Why Pakistani Military Demands a Veto on Drone Strikes

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Gareth Porter: The new Pakistani demand for equal say over drone strikes marks the culmination of a long evolution in the Pakistani military’s attitude toward the drone war. Initially supportive of strikes that were targeting Al-Qaeda leaders, senior Pakistani military leaders soon came to realize that the drone war carried serious risks for Pakistan’s war against the Pakistani Taliban.

Ex-PM Says Taliban Offer Talks For Pullout Date

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Gareth Porter: The Taliban leadership is ready to negotiate peace with the United States right now if Washington indicates its willingness to provide a timetable for complete withdrawal, according to a former Afghan prime minister

What Is Sadr’s Game on Future U.S. Troop Presence?

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Gareth Porter: The big question looming over U.S.-Iraqi negotiations on a U.S. military presence after 2011 is what game Shi’a leader Moqtada al-Sadr is playing on the issue.

The Lies That Sold Obama’s Escalation in Afghanistan

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Gareth Porter: The Obama administration has relied heavily, of course, on the widespread impression that the Taliban regime was somehow mixed up with Osama bin Laden’s plotting the 9/11 attacks.

Despite Surge, Taliban Attacks, U.S. Casualties Soared

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Gareth Porter: Data on attacks by armed opposition forces and U.S. combat casualties since the U.S. troop surge in Afghanistan was completed last summer provide clear evidence that the surge and the increase in targeted killings by Special Operations Forces have failed to break the momentum of the Taliban.

Obama Leaves Door Open to Long-Term U.S. Afghan Combat

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Gareth Porter: Obama’s speech announcing that the 33,000 “surge” troops in Afghanistan will be withdrawn by “summer” 2012 indicates that he has given priority to the interests of the military and the Pentagon over concerns by key officials in his administration over the impact of the war’s costs on domestic socioeconomic needs.

Ninety Percent of Petraeus’s Captured “Taliban” Were Civilians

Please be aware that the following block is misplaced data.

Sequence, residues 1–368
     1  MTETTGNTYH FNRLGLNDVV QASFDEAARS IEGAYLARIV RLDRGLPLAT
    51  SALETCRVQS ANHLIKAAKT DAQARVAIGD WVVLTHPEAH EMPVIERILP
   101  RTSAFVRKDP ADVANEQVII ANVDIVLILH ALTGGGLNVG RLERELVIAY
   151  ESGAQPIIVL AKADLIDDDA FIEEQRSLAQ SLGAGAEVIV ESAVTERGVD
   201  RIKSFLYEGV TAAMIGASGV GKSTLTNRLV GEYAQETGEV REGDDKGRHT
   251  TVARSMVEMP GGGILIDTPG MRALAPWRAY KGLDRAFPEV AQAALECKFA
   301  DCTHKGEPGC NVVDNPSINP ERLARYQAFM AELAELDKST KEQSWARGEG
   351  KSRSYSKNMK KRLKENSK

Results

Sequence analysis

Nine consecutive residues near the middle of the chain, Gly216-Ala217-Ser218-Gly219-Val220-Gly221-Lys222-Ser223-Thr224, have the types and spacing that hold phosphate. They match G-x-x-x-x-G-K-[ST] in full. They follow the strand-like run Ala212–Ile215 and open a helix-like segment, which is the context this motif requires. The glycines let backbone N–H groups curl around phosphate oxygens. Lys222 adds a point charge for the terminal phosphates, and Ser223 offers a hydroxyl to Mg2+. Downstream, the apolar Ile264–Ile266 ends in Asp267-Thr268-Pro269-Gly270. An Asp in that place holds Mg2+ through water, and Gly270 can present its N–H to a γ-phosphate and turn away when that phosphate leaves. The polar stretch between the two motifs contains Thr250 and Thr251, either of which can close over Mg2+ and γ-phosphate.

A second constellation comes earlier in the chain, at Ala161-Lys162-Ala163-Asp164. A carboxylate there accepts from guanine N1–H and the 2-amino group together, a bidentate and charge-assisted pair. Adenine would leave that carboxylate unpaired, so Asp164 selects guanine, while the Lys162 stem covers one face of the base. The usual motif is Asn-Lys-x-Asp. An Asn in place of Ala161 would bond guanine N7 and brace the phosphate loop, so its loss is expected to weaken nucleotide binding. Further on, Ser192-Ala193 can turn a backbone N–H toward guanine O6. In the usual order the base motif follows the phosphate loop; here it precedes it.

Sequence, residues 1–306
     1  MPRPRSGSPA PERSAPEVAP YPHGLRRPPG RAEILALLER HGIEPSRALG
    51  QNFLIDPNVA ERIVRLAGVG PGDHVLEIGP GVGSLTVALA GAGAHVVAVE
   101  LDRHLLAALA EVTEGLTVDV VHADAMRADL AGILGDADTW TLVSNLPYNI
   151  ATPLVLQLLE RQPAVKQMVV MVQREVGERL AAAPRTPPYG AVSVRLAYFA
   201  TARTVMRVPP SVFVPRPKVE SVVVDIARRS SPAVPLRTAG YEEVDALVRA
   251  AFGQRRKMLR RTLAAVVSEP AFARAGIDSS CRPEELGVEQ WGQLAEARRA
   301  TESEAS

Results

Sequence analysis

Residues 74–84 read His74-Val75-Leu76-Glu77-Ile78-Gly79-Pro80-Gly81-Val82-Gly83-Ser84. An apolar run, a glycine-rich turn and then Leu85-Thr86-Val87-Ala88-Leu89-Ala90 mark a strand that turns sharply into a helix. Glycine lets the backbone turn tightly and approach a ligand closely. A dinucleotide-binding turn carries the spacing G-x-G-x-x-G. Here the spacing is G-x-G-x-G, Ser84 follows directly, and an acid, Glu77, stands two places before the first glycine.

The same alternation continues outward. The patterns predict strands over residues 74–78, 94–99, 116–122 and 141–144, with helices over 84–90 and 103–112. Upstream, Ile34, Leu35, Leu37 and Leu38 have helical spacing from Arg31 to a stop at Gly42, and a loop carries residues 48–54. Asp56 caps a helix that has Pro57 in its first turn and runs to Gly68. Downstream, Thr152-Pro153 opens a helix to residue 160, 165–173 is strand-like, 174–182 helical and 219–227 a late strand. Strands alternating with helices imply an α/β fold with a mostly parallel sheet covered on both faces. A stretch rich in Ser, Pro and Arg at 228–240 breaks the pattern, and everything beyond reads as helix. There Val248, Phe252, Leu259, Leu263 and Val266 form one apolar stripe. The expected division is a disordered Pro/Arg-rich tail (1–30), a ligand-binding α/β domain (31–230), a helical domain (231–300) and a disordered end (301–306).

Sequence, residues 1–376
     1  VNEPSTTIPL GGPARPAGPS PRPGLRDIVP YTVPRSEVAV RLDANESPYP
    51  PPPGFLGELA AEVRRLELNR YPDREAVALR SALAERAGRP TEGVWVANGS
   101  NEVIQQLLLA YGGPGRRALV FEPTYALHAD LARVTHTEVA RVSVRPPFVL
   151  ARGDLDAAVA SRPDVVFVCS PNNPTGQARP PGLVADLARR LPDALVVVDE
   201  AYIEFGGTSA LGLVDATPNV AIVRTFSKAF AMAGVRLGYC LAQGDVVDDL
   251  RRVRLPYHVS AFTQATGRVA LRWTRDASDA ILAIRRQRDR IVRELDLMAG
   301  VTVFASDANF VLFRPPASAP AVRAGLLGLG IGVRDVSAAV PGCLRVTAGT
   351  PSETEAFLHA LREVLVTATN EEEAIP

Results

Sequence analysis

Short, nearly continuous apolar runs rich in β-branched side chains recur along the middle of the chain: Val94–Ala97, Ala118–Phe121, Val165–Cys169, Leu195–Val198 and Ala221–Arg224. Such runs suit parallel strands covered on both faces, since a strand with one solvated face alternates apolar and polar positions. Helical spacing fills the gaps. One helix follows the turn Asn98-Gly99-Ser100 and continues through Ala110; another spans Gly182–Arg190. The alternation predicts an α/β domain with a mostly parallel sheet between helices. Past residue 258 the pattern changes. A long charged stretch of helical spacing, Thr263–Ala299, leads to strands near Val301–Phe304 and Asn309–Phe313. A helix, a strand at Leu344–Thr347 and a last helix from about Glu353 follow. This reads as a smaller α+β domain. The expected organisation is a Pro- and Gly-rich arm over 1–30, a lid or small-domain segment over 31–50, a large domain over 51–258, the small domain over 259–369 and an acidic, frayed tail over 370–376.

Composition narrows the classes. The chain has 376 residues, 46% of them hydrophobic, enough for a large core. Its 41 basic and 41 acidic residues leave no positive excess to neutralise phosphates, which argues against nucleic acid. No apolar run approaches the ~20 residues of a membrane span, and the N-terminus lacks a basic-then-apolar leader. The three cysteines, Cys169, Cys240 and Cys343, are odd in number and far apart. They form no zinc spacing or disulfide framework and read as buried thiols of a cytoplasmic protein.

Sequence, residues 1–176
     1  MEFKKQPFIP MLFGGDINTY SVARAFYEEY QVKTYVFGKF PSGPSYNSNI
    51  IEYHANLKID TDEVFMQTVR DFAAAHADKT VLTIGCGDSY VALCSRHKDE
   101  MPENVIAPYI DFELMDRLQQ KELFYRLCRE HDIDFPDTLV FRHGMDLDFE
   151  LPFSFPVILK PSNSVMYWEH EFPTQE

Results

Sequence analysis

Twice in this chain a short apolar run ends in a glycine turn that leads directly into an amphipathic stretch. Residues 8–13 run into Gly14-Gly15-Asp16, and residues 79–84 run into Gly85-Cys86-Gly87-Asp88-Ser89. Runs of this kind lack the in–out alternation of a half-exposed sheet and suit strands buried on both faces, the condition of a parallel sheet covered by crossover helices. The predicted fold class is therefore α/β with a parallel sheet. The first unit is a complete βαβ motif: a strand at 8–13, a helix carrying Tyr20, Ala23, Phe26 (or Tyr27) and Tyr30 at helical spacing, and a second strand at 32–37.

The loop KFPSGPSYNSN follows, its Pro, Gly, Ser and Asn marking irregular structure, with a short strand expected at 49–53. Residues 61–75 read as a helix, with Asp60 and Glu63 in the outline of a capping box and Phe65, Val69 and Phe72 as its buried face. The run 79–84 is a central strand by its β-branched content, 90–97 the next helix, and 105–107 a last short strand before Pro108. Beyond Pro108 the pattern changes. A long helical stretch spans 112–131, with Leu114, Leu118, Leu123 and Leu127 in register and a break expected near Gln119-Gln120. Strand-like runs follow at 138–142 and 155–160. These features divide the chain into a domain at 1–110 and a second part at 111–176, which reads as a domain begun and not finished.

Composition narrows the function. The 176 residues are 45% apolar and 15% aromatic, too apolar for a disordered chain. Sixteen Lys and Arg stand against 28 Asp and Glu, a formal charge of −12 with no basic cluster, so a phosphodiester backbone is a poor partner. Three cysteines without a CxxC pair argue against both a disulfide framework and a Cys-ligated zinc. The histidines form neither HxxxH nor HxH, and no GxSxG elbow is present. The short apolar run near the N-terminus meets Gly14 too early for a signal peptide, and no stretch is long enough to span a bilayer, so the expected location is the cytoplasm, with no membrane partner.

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Gareth Porter: The timing of Petraeus’s claim of Taliban fighters captured or killed, moreover, indicates that he knew that four out of five of those he was claiming as “captured Taliban rank and file” were not Taliban fighters at all.

U.S. Uses Peace Talks to Divide Taliban from Pakistan

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Gareth Porter: Senior Obama administration officials hope to use the talks to sow suspicion between the Taliban and their main ally, thus weakening the Taliban resolve to negotiate on a peace settlement only if the United States offers a timetable for troop withdrawal.

Obama Troop Surge Decision Ignored Pak-Taliban Ties

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Gareth Porter: The unilateral U.S. raid that killed Osama bin Laden created a spike in mutual recriminations between U.S. and Pakistani politicians, but their fundamental conflict of interest over Afghanistan was already driving the two countries toward serious confrontation.

After Bin Laden Hit, U.S. Aides Raise Dubious Hopes for Peace

President Obama with National Security Advisor Tom Donilon. (Official White House Photo by Pete Souza)

Gareth Porter: Barack Obama and top administration officials have taken advantage of the killing of Osama bin Laden to establish a new narrative suggesting the event will pave the way for negotiations with the Taliban for peace in Afghanistan.

U.S. Refusal of 2001 Taliban Offer Gave bin Laden a Free Pass

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Gareth Porter: When George W. Bush rejected a Taliban offer to have Osama bin Laden tried by a moderate group of Islamic states in mid- October 2001, he gave up the only opportunity the United States would have to end bin Laden’s terrorist career for the next nine years.

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